Also being invited to write to the Presidential Advisor are organizations who champion women's reproductive rights including The National Advocates for Pregnant Women, the International Cesarean Awareness Network, The American Civil Liberties Union, The Coalition for Improving Maternity Services and Conscious Woman.
This is all a work in progress right now but it is the direction we hope to take in the next few weeks. More information will become available on the Solace for Mothers website, as well as the opportunities to endorse the letter we will be sending and include your own thoughts and comments.
Today I was reading in the Latter-day Saint canon of scripture and found a verse that I found parallels this project. In Doctrine and Covenants 124:11, The Lord says "Awake, O kings of the earth! Come ye, O, come ye, to the help of my people, the daughters of Zion" (paraphrased to accentuate the parallel). Wouldn't it be nice if God were saying that, in this day, on the topic of women's reproductive freedom to birth without unnecessary medical intervention, and with women's consent before an intervention is performed. It is my prayer that the leaders of the nations become aware of the abuses that are being done to women in the name of birth, and then come to their help and protection by creating punishments for providers who violate their right to refuse treatment.
There has been recent news about a court case in New Jersey were a woman's child was taken into state custody after she refused a C-section that her doctor was claiming was medically necessary. My partner with Solace for Mothers recently wrote a commentary on the story (link to original Huffington Post article) at The Birth Activist.
Then there was this story where a woman was remanded to the custody of the hospital when she disagreed with her doctors recommendation to remain on bedrest.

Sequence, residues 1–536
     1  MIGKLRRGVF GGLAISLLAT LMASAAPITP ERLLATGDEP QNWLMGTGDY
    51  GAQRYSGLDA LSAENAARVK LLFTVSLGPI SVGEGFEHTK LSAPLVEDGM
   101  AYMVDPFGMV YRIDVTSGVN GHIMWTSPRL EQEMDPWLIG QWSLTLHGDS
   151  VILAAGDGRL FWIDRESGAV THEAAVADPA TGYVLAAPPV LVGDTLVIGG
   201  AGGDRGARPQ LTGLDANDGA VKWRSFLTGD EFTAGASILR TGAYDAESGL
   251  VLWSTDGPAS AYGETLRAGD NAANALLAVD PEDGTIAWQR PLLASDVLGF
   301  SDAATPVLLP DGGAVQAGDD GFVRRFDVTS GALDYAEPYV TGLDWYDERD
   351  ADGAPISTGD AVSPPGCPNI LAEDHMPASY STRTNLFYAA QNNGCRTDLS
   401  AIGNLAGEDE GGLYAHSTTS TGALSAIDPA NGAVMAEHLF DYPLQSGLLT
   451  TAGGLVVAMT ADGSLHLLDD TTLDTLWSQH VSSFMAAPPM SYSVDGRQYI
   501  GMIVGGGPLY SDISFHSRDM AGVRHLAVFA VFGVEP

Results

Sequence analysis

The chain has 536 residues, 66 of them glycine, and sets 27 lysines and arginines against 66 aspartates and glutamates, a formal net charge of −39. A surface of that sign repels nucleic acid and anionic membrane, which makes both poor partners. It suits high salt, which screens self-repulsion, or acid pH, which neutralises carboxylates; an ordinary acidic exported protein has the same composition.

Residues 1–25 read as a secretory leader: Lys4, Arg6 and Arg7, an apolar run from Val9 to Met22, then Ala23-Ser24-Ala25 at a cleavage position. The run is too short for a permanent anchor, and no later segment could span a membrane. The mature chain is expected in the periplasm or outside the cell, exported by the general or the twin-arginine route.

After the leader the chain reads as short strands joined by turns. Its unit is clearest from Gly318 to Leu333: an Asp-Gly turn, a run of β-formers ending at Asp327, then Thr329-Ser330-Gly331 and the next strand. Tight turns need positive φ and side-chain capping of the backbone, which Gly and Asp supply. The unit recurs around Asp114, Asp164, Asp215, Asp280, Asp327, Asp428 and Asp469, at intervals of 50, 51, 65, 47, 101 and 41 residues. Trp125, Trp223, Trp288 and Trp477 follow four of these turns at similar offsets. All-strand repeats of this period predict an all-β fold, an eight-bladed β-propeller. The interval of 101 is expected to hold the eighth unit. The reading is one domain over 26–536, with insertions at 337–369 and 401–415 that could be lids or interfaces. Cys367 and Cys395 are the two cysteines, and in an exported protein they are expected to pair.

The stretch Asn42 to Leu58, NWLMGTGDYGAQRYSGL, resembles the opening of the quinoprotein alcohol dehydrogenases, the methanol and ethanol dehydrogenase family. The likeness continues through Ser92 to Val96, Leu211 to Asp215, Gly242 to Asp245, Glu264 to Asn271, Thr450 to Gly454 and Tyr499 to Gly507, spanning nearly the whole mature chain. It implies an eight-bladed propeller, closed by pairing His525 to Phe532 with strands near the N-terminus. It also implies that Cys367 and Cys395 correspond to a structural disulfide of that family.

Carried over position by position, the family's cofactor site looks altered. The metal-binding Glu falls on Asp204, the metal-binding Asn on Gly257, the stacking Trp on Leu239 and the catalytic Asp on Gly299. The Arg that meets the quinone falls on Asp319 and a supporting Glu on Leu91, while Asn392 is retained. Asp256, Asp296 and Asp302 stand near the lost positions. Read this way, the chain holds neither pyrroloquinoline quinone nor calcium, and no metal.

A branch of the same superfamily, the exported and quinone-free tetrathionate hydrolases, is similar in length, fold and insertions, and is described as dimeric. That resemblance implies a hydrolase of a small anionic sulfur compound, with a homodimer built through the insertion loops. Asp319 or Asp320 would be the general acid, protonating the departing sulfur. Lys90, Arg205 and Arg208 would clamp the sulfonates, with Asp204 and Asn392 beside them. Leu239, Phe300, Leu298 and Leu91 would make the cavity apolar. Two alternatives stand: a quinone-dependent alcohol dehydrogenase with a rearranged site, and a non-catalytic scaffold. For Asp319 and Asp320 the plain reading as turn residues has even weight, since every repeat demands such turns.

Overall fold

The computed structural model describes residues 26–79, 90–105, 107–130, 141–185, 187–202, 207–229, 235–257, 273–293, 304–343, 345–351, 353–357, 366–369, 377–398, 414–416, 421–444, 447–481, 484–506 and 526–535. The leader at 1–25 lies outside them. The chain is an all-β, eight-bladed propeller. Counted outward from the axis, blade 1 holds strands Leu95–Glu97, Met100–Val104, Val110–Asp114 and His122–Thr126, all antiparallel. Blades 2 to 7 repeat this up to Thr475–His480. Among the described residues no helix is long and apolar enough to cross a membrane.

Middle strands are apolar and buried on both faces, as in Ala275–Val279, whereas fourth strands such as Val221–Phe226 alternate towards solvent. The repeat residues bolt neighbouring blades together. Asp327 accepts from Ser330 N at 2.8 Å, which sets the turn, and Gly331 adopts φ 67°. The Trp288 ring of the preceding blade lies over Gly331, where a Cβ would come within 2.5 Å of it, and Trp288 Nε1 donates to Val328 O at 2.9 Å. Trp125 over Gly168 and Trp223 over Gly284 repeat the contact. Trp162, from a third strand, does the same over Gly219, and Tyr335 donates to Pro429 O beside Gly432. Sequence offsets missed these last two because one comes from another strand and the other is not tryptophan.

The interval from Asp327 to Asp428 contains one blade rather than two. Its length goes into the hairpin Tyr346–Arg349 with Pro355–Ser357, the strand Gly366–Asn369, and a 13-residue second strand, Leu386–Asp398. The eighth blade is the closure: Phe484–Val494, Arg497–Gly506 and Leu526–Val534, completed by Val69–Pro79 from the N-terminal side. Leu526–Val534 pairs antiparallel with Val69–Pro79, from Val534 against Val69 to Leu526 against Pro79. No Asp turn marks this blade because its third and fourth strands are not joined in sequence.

All over the internet there are stories of women who were not consenting to an episiotomy but one was performed anyway. Often procedures are performed without even informing a woman that it is going to occur, not even giving her the opportunity to consent. It happened to me during my son's birth where I wasn't even informed that the midwife was going to begin suturing a minor second degree tear. Given the opportunity to be informed, I would have denied the sutures preferring to allow the wound to heal on its own. This is a minor example. Other women have been given pain medications without being told that was was going into the IV line, others were given episiotomies or vaginal exams despite their screams of No, Stop and Dont!. Hence, why its called birth rape.
Health care professionals are mandated by federal regulation to grant patients complete informed consent (ACOG's guidelines here). Of course there is no legal recourse or consequence to providers who do not gain a patients consent before performing any procedure. This was discussed in the recent Coalition for Improving Maternity Services Webinar on Informed Consent in Maternity Services. To read more about informed consent, see Goldberg. (2009). Informed Decision Making in Maternity Care. Journal of Perinatal Education. (Winter issue).
In the United States, federal acts and regulations, as well as professional guidelines, clearly dictate that every pregnant woman has the right to base her maternity care decisions on accurate, up-todate, comprehensible information. Despite these efforts, evidence suggests that informed consent within current health-care practice is restricted and inconsistently implemented. Patient access to evidence-based research is imperative under the scope of informed consent and is particularly important during a time when perinatal mortality and morbidity rates, interventions, and disparities are on the rise in the United States. This article describes the Coalition for Improving Maternity Services' investigation of the breakdown of informed consent in maternity care.
The letter writing campaign is an attempt to advocate for changes to the federal regulations that would create punitive measures and due process when providers do not grant a woman's right to informed consent. As the regulations stand now, there is no recourse available so violations occur without fear of consequences.